As wordsmitherly as attorneys are at times, there are other times that demand slight deviation from the legal gestalt of doing things. And that time may be now. With increasing use of the word “frickin'” in legal and nonlegal circles—particularly as it relates to the booming oil and natural gas industry in North Dakota and Ohio—we’ve noticed it popping up in all sorts of places. Just last week, court observers reportedly overheard Elena Kagan tell an unidentified supreme court justice, “watch the frickin’ robe, Chuck.”
With such a clear endorsement from the highest court, it’s about time to use frickin’ more liberally in your correspondence, legal briefs, and in overly legalistic cocktail conversations. Why? It just works, and sets you far apart from other lawyers who use boring and less linguistically sophisticated legal slang, like “outrageous” or “unmeritorius” or “appalling.” Need some help to get started? Here are a few initial tips.
Don’t Go Fricking Formal
As hard as it is for most attorneys, don’t skimp on the contractional use of frickin. In other words, don’t go formal and write “fricking” in your legal arguments, correspondence, or tweets. Unless you have a slow southern drawl or you like to use a British affectation in your speech, don’t elongate the word by adding the unnecessary ‘g’ at the end. You’ll just come across as yet another pencil-necked stuffed-shirt lawyer who has no real appreciation for the vernacular. Avoid.
Friggin’ Is for Clients, Frickin’ Is For You
While you may try to “connect” with the common client and with court personnel by dumbing down your use of frickin to “friggin,'” don’t do this. You will be seen as cute or, worse, patronizing. Leave friggin’ to the bailiff and your pre-school aged kids. Reserve frickin’ for you. And while freaking is an occasionally acceptable alternative, it lacks real rhetorical and euphemistic punch. More importantly, at least for attorneys, freaking alludes to things like zombies and ERISA lawyers, not orgies, fornication, and the like.
Use Frick If You Must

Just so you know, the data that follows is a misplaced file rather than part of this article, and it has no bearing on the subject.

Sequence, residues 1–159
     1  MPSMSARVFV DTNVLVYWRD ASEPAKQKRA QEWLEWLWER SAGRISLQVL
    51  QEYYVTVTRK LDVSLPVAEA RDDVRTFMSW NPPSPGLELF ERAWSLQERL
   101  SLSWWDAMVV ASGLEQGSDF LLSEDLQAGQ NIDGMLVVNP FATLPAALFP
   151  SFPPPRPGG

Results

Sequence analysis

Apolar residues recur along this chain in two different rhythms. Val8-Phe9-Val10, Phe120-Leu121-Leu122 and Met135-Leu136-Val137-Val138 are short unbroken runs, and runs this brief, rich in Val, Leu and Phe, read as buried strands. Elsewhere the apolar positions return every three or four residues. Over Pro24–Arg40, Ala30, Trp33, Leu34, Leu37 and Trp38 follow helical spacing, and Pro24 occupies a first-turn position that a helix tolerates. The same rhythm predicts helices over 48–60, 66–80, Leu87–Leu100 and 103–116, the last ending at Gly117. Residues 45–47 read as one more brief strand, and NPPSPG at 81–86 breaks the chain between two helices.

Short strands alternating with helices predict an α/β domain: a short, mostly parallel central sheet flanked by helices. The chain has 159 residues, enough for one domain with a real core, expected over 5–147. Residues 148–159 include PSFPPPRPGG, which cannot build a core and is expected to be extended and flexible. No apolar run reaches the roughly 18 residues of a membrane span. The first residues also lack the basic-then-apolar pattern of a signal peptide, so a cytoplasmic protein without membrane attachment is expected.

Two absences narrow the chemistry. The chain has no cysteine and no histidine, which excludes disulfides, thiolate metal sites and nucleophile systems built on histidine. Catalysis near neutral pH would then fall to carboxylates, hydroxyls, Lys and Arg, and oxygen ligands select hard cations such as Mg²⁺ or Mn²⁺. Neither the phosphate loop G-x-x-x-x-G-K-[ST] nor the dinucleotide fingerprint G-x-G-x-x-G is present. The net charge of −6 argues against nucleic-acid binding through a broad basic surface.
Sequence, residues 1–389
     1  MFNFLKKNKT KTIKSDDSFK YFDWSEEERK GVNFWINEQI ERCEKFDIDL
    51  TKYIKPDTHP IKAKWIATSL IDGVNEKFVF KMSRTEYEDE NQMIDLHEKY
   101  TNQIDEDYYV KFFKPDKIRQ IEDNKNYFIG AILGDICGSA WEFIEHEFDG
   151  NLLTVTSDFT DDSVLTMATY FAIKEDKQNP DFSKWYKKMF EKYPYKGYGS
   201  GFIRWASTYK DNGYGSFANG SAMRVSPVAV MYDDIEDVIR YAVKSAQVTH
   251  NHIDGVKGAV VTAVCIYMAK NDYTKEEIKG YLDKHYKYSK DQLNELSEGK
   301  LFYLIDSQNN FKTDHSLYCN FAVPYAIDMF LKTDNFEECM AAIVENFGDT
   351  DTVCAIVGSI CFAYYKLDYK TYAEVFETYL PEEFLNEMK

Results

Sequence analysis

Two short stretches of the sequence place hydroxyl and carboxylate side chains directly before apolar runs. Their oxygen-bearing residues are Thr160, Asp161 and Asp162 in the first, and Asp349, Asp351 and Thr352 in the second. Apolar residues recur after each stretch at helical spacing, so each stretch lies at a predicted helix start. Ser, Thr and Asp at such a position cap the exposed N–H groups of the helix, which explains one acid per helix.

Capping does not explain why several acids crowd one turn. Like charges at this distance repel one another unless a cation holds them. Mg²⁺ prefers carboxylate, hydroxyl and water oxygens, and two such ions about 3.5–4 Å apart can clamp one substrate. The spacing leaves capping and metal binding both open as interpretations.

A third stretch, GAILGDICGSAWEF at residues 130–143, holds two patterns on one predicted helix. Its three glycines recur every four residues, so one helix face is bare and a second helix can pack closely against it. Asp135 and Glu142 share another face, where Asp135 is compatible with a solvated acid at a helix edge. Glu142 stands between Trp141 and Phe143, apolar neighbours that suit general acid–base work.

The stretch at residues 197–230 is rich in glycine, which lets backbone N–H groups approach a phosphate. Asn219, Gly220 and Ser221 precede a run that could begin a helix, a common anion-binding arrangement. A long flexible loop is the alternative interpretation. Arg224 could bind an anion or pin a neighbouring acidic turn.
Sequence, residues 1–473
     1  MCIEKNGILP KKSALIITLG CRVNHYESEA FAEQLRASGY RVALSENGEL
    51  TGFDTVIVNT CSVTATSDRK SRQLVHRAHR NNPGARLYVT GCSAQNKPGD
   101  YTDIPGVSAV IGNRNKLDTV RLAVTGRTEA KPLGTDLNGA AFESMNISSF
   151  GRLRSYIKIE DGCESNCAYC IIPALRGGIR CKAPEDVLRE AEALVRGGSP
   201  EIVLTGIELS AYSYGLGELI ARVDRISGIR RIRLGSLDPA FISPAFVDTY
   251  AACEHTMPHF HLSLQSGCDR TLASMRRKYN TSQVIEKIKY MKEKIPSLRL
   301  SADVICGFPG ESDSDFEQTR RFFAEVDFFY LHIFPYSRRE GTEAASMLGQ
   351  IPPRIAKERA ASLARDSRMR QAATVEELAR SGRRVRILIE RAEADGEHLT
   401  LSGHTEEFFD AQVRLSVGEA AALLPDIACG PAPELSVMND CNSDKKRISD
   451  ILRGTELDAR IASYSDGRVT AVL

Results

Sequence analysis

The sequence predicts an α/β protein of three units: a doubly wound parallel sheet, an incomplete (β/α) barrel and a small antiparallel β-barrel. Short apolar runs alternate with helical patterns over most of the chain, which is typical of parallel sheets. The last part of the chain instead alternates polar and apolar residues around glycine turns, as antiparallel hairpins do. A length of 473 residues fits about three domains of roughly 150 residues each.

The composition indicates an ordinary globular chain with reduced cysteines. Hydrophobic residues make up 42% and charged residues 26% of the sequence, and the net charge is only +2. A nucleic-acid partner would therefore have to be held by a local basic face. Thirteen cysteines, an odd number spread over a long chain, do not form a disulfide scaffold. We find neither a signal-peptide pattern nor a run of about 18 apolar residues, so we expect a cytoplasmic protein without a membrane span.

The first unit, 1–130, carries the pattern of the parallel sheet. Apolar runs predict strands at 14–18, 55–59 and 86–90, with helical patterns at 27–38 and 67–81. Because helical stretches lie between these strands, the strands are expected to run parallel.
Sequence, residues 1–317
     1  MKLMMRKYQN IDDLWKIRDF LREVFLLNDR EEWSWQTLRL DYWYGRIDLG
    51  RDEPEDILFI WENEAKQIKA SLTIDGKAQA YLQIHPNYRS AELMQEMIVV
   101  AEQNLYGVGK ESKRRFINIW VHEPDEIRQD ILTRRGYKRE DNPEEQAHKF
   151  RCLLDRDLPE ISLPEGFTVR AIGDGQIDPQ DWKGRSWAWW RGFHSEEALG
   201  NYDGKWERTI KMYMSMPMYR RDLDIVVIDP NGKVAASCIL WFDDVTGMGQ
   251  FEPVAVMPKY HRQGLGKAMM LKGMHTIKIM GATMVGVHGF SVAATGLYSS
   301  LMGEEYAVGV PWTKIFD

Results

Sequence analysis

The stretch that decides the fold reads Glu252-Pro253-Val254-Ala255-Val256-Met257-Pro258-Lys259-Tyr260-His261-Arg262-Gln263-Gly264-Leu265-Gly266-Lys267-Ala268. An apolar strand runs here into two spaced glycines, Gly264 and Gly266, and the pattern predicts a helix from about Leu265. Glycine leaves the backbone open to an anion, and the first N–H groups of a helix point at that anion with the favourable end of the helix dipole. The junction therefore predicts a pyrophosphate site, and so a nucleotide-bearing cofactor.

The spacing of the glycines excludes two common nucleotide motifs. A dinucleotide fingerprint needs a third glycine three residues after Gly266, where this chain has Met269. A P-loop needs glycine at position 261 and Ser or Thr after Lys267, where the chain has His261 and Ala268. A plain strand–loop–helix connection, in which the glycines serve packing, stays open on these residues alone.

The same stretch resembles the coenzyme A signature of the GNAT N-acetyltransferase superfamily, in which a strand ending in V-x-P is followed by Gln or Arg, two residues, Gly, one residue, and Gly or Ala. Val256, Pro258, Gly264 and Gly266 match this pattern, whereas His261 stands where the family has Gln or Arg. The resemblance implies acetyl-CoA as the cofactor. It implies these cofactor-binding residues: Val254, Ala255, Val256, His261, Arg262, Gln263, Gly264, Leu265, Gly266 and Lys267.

You can certainly shorten frickin’ to frick, but guess what? You lose the apostrophe. Plus, the obvious confusion with Henry Clay Frick becomes embarrassingly apparent. After all, Frick is considered one of the worst frickin’ American CEOs in the history of frickin’ CEOdom. Use frick only if you have no other options. Actually, frakin, fuggin, feckin, futzin, or effin are likely better and more powerful options than the plain and unassuming frick.
Seek Inspiration from Defendants and Thespians
If you are new to frickin,’ don’t fret. A simple Westlaw natural language search for “awesome legal use of frickin'” will yield great snippets for you to consider, such as “I’m thinking my ass off just to give you the—you know, the frickin’ crap I know.” And so will films, television, and internet memes. While obvious examples are Austin Powers (“sharks with frickin’ laser beams attached to their heads!”), other notable entertainment sources include motivational speaker Matt Foley (“Well, la dee frickin’ da”), Charlie Sheen (“I’m a total frickin’ rockstar from Mars”) and Carl from Aqua Teen Hunger Force (“Hey, who’s gonna arrest me, huh? The frickin’ trees?”). As a last resort, consider consulting Urban Dictionary, the go-to for desperate wordsmithing lawyers seeking unattainable street cred.
Sure, frickin’ probably reached its most recent heyday with the movie Napoleon Dynamite in 2004 (and was at an all-time high with Austin Powers in 1997). But that just means, as lawyers, it’s about the time to jump on another linguistic bandwagon that left the hayfield many years ago. That’s how we lawyers frickin’ roll.